A U.S. Airways flight at Reagan National Airport bound for Charleston, S.C. was delayed on Friday after it got stuck in a soft spot on the tarmac, apparently caused by extremely high temperatures, the The Washington Post reports.
According to Michelle Mohr, a U.S. Airways spokesperson, the 50-seat regional jet got stuck when the electric tug cart was unable to push it from the gate because the jet's wheels had sunk into the tarmac.
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In an effort to reduce the weight of the plane and free it, the luggage was unloaded and the 35 passengers and 3 crew members deplaned, Mohr said. But that still didn't work, and it wasn't until crews brought in a cart normally used on a much larger aircraft that the plane was freed and able to get on its way.
The flight was delayed for about three hours.
A photo posted to the social news site Reddit that is purported to show the plane's wheels sunken has been viewed nearly 850,000 times. Mohr confirmed to The Huffington Post that the aircraft's registration number in the picture matches the airline that got stuck on Friday.
Mohr told HuffPost that in her more than six years with U.S. Airways, this is the first time she's heard of something like this happening.
"It was a pretty unusual event," she said, "but we're looking at some pretty unusual temperatures."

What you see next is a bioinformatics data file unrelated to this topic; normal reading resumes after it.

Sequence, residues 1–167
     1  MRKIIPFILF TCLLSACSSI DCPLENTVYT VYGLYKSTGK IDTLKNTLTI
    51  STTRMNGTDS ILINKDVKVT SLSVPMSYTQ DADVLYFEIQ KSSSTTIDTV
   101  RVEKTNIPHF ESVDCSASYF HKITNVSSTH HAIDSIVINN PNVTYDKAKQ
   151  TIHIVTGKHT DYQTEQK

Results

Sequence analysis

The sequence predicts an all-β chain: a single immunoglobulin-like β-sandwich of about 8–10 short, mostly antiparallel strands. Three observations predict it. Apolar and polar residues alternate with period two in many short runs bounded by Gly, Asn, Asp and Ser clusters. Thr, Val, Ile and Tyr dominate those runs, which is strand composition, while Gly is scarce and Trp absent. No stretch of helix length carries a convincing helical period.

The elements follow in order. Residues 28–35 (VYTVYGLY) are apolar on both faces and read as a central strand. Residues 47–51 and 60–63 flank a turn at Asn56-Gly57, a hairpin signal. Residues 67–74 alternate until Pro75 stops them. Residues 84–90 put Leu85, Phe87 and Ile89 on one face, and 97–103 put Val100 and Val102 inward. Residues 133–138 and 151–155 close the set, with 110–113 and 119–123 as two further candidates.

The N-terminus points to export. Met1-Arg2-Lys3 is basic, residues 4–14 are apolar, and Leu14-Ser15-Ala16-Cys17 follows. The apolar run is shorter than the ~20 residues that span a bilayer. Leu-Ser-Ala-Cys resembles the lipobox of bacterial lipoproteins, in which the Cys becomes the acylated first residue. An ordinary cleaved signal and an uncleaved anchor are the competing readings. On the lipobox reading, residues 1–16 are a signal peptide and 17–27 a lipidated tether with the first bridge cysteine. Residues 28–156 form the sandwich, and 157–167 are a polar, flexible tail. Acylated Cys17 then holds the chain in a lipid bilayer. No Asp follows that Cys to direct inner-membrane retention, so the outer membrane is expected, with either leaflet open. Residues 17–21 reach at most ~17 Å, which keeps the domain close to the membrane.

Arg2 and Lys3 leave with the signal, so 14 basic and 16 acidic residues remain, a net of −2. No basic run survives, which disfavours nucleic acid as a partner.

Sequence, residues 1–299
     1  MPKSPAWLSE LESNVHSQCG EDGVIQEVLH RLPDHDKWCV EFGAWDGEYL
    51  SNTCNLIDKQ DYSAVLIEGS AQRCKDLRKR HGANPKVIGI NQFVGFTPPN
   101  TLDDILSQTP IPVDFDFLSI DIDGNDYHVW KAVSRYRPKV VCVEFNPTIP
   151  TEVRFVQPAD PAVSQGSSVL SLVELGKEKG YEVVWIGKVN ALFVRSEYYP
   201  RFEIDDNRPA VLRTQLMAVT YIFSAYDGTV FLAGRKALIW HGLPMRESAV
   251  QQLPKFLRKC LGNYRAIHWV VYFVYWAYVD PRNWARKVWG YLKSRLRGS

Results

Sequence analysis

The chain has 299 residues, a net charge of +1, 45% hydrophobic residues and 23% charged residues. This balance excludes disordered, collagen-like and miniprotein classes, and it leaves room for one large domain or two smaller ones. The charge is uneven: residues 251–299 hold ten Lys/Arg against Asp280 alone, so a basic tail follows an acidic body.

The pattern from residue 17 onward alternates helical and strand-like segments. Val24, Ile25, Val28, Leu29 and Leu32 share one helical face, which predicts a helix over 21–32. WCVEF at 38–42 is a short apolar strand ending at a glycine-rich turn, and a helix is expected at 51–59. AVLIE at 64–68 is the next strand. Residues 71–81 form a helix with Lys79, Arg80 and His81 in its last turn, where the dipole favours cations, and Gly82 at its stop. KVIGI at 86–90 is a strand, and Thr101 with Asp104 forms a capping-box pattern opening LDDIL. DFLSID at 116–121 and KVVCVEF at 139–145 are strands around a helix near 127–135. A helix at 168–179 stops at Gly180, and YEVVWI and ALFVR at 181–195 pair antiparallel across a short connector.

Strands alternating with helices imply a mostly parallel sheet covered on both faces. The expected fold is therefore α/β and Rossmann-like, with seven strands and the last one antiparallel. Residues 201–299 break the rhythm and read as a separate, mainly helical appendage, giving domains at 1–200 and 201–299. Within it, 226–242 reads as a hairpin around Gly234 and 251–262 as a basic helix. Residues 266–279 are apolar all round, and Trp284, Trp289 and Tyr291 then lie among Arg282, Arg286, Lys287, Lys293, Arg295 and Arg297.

Indeed, Bloomberg reports that more than 2,400 high-temperature records were broken in the U.S. over the past 11 days.
The temperature at Reagan National reached a high of 98 on Friday, according to the National Weather Service.
The airport wasn't the only part of the Washington, D.C.-area infrastructure feeling the effects of the heat. A "heat kink" brought on by excessive temperatures is being blamed for the Friday derailment of three Metro cars.
UPDATE: July 8, 2012 at 8:00 p.m. EDT
Phillip Dugaw, the passenger who took the photo and posted it to Reddit, contacted HuffPost on Sunday evening and described his experience aboard the aircraft.
Dugaw said that as the plane was getting ready to leave, "there was a jerking motion going back and forth as if something was stuck and preventing the craft from moving at all," he said, adding that the pilots then attempted to free the airplane by firing the engines.
When that didn't work, Dugaw said they unloaded the plane and he and the other passengers spent about 45 minutes in the heat on the tarmac before a bus arrived that took them back to the terminal.
Even though the flight eventually took off, Dugaw, a 24-year-old consultant who works for IBM, was able to get on another flight to Charleston.
LOOK: U.S. Airways Plane's Wheels Stuck On Tarmac:
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